If your company has conflicting performance measures, you are certain to have differing values and directions, many of which will be disconnected from the company’s strategy. Without uniform expectations, it is virtually impossible to keep an organization marching toward the same goals. This, by itself, makes re-evaluating how you measure business performance a very high priority.
Managers must strive to direct all levels of their organization to focus on the right priorities. World-class companies have learned (many the hard way) that effective performance measurement that will drive improvement and continue to encourage the right response and behavior requires linking strategy with day-to-day actions.
Financial results are the ultimate measures, but not drivers, of business success. As a result, the need to link day-to-day activities to financial results is necessary. Waiting for a fiscal month or quarter to close is far too late for numbers that would appropriately influence day-to-day actions.
The five generic performance objectives – quality, speed, dependability, flexibility and cost –can be broken down into more detailed measures, or they can be aggregated into ‘composite’ measures. The more aggregated performance measures have greater strategic relevance. The more detailed performance measures are usually monitored more closely and more often. In practice, most organizations will choose to use performance targets from throughout the range
Developing a successful system
As you design, develop and implement your new performance measurement system, keep in mind that successful measurement systems share some common traits. Here are some of the critical traits that are common to successful performance measurement systems:
Indicators and performance measures for each operational objective provide a framework for monitoring, review and evaluation of the performance of management in achieving both the operational objective, and because of the linkages, the higher-level policy goals.
Performance measurement systems are the focus of considerable attention in academic and practitioner communities. They clearly have a considerable contribution to make the management of performance of organisations. However, for this contribution to be realised, it is essential that the measurement systems used are relevant and appropriate for the environment and strategies of the organisation. Given the dynamic and rapidly changing environment in which most organisations compete, it is important that organisations effectively manage their measurement system so that it remains appropriate and provides information that is relevant to the issues that are of currentimportance.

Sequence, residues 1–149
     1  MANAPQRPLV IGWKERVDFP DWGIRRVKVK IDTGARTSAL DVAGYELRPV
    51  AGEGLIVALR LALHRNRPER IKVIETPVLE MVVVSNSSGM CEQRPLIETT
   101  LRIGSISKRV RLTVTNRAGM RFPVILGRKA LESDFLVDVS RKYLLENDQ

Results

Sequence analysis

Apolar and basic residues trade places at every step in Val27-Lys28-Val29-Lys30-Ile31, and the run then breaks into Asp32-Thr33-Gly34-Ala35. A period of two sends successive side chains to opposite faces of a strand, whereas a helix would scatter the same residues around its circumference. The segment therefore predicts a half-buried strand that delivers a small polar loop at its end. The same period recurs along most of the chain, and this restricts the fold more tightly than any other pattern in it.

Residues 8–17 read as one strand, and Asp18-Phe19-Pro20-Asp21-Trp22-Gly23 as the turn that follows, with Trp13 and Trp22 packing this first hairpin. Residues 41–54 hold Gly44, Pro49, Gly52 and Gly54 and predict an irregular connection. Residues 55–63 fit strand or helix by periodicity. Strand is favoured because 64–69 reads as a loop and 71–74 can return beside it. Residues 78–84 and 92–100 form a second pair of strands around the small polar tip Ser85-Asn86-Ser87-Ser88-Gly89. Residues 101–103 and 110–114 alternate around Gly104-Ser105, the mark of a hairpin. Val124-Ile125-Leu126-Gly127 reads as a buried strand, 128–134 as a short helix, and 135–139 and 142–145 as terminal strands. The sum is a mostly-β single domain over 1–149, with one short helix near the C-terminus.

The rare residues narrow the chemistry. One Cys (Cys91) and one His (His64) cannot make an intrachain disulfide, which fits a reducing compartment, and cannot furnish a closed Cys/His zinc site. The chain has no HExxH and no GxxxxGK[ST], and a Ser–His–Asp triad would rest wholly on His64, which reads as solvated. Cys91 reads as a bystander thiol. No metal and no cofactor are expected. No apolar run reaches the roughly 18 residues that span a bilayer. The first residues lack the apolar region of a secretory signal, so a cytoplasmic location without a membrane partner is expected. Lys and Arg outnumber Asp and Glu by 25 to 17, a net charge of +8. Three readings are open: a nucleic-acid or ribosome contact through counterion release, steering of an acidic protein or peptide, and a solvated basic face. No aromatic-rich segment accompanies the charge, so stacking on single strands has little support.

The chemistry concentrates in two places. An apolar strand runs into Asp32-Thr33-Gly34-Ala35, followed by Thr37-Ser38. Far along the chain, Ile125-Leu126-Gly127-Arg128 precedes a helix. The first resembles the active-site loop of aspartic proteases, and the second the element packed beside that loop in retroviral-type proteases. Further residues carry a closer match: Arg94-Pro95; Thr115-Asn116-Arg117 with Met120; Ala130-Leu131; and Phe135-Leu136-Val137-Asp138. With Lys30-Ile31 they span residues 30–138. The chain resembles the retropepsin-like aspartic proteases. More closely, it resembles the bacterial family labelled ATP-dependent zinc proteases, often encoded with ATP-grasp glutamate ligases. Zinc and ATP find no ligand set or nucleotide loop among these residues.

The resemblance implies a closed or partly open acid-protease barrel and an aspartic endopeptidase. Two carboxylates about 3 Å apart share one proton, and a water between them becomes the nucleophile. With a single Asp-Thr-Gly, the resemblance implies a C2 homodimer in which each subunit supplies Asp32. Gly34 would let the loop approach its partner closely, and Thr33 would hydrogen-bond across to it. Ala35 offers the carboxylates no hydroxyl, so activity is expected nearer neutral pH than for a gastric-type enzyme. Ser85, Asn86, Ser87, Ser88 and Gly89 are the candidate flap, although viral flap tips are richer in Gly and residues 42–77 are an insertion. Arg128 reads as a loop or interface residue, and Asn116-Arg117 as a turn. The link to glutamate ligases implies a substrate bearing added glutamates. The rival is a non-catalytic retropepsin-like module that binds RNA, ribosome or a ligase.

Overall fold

Perfomance Measurment In Toyota Production System
Length: 3 pages (825 Words)
Performance measurement in Toyota production system
Performance measurement is defined as the use of evidence with the aim of determining progress towards specific defined organizational objectives. The organizational objectives in this case can be categorized into two broad categories that include quantitative evidence and qualitative evidence. The aim of any business is to maximize their profit margins. However, for the business to meet this target it is mandatory that all the parties work together to fulfill the desire of the business. Business owners and managers also value the productivity of their employees because their productivity translates to the performance of their businesses. Managers calculate operational performance measurements, determining how much of their product they are putting out in an hour or a similar measure to quantify productivity to determine how their current productivity levels are looking.